Schistosoma mansoni tetraspanin 2 (Sm-TSP-2) has been shown to be strongly recognized by IgG1 and IgG3 antibodies from individuals putatively resistant to schistosome infection, but not chronically infected people, and to induce high levels of protection against challenge infection in the murine model of schistosomiasis. Amplification by PCR of homologous sequences from male and female S. japonicum worms showed the presence of 7 different clusters or subclasses of S. japonicum TSP-2. We determined the protective efficacy of one subclass – Sj-TSP-2e.
Following the alignment of 211 cDNAs, we identified 7 clusters encoding S. japonicum TSP-2 (Sj-TSP-2) based on sequence variation in the large extracellular loop (LEL) region with differing frequency of transcription in male and female worms. Quantitative PCR analysis revealed elevated expression of Sj-TSP-2 in adult worms compared with other life cycle stages. We expressed in E. coli the LEL region of one of the clusters which exhibited a high frequency of transcription in female worms, and showed the purified recombinant protein (Sj-TSP-2e) was recognised by 43.1% of sera obtained from confirmed schistosomiasis japonica patients. Vaccination of mice with the recombinant protein induced high levels of IgG1 and IgG2 antibodies, but no consistent protective efficacy against challenge infection was elicited in three independent trials.
The highly polymorphic nature of the Sj-TSP-2 gene at the transcriptional level may limit the value of Sj-TSP-2 as a target for future S. japonicum vaccine development.
Schistosoma mansoni tetraspanin 2 (Sm-TSP-2) is considered a lead target for vaccine development against schistosomiasis mansoni because: (1) It is located in the schistosome tegument and is involved in tegument formation; (2) It is strongly recognized by IgG1 and IgG3 antibodies from individuals putatively resistant to schistosome infection, but not chronically infected people, and (3) It induces high levels of protection against challenge infection in the mouse model. We amplified 211 homologous TSP-2 sequences from male and female S. japonicum worms, which revealed 7 different cDNA subclasses. We expressed in E. coli a region of one of the clusters which exhibited a high frequency of transcription in female worms, and showed the purified recombinant protein (Sj-TSP-2e) was recognised by 43.1% of sera obtained from confirmed schistosomiasis japonica patients. Vaccination of mice with the recombinant protein induced high levels of IgG1 and IgG2 antibodies, but no consistent protective efficacy against challenge infection was elicited in three independent trials. The highly polymorphic nature of the Sj-TSP-2 gene at the transcriptional level may limit the value of Sj-TSP-2 as a target for future S. japonicum vaccine development. Further analysis of the distribution of the different subclasses/alleles of the Sj-TSP-2 gene in S. japonicum populations from different endemic areas would be informative.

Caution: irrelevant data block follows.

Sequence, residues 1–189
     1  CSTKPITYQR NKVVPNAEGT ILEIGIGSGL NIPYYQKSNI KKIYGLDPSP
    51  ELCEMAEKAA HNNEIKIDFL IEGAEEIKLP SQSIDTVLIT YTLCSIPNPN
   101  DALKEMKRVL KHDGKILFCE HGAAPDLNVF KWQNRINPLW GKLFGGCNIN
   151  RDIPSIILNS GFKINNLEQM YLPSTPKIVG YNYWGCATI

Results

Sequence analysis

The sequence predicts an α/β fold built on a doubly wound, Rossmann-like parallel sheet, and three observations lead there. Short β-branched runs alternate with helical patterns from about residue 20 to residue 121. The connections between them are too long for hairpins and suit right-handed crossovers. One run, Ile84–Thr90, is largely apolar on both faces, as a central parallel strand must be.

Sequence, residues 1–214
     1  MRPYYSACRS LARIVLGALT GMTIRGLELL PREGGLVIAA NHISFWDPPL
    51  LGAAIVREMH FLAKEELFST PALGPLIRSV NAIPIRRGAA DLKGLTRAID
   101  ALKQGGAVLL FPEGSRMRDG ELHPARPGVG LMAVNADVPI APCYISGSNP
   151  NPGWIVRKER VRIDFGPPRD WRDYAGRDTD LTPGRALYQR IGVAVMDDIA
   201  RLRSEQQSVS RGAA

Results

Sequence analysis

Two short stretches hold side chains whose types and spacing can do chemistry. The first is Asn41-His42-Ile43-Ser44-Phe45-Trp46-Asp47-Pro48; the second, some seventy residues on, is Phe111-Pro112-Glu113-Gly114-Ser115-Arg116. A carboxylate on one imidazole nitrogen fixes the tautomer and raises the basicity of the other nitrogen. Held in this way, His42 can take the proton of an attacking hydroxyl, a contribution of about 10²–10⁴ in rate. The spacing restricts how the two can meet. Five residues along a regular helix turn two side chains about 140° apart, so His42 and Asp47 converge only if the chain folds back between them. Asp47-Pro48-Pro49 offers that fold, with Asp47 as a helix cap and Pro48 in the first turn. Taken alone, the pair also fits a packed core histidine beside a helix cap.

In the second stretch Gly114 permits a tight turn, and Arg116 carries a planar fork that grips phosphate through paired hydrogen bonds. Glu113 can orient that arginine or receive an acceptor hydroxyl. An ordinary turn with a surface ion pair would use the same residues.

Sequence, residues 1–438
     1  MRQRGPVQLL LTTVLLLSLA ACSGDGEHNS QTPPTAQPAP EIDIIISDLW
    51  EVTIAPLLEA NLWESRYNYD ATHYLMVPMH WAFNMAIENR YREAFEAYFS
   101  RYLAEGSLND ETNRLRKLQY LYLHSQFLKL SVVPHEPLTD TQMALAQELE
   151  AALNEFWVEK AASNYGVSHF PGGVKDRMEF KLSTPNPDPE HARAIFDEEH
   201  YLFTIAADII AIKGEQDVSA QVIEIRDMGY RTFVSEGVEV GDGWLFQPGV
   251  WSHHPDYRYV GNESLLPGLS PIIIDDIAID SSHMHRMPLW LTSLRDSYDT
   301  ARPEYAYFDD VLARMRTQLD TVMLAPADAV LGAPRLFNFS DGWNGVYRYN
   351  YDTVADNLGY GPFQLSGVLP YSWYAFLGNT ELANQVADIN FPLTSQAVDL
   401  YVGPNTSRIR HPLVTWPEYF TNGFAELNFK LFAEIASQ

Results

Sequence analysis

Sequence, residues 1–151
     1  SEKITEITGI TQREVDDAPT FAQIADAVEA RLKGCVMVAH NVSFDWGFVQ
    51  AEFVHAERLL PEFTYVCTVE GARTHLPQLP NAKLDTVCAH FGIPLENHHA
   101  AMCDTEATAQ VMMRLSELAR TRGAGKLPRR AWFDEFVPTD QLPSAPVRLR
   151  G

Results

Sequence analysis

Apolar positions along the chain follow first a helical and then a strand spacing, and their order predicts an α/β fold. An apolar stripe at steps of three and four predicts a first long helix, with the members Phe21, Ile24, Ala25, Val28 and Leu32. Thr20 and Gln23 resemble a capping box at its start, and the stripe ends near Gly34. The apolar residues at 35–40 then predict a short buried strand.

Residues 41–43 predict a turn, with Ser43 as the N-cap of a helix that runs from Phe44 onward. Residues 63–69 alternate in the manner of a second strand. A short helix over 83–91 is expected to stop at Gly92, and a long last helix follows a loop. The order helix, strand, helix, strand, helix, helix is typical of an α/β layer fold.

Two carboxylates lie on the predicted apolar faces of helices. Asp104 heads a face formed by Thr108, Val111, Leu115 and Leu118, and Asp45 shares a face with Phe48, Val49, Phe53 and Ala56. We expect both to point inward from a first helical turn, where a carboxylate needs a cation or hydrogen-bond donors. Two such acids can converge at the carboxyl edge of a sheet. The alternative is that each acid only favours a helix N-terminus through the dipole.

Citation: Zhang W, Li J, Duke M, Jones MK, Kuang L, Zhang J, et al. (2011) Inconsistent Protective Efficacy and Marked Polymorphism Limits the Value of Schistosoma japonicum Tetraspanin-2 as a Vaccine Target. PLoS Negl Trop Dis 5(5): e1166. doi:10.1371/journal.pntd.0001166
Editor: Helton da Costa Santiago, National Institutes of Health, United States of America
Received: December 20, 2010; Accepted: March 16, 2011; Published: May 31, 2011
Copyright: © 2011 Zhang et al. This is an open-access article distributed under the terms of the Creative Commons Attribution License, which permits unrestricted use, distribution, and reproduction in any medium, provided the original author and source are credited.
Funding: The study was financially supported by NHMRC, Australia. The funders had no role in study design, data collection and analysis, decision to publish, or preparation of the manuscript.
Competing interests: The authors have declared that no competing interests exist.
There is now growing agreement that integrated control, which could include the use of an effective vaccine combined with chemotherapy and other measures, is the optimum direction that the future control of schistosomiasis should follow , . Vaccine development against schistosomiasis has been guided by the fact that irradiated cercariae confer >80% protection in experimental animal models and natural hosts including mice, rats, rabbits, sheep and bovines .
A number of promising anti-schistosome vaccine candidates exist but they may prove not to be the most effective and it is, therefore, important to continue to identify new target antigens and to explore alternative vaccination strategies to improve vaccine efficacy . A reporter-based signal sequence capture technique identified two S. mansoni tetraspanins (Sm-TSP-1 and TSP-2) , both proteins being expressed in the tegument membrane . The large extracellular loop (LEL) of Sm-TSP-2, in particular, provided high levels of protection as a recombinant vaccine in the mouse model of schistosomiasis, and both proteins were strongly recognized by IgG1 and IgG3 from putatively resistant individuals but not chronically infected people . A subsequent study showed that Sm-TSP-2 plays a role in the formation of the S. mansoni tegument , which is critically important for the parasite's survival .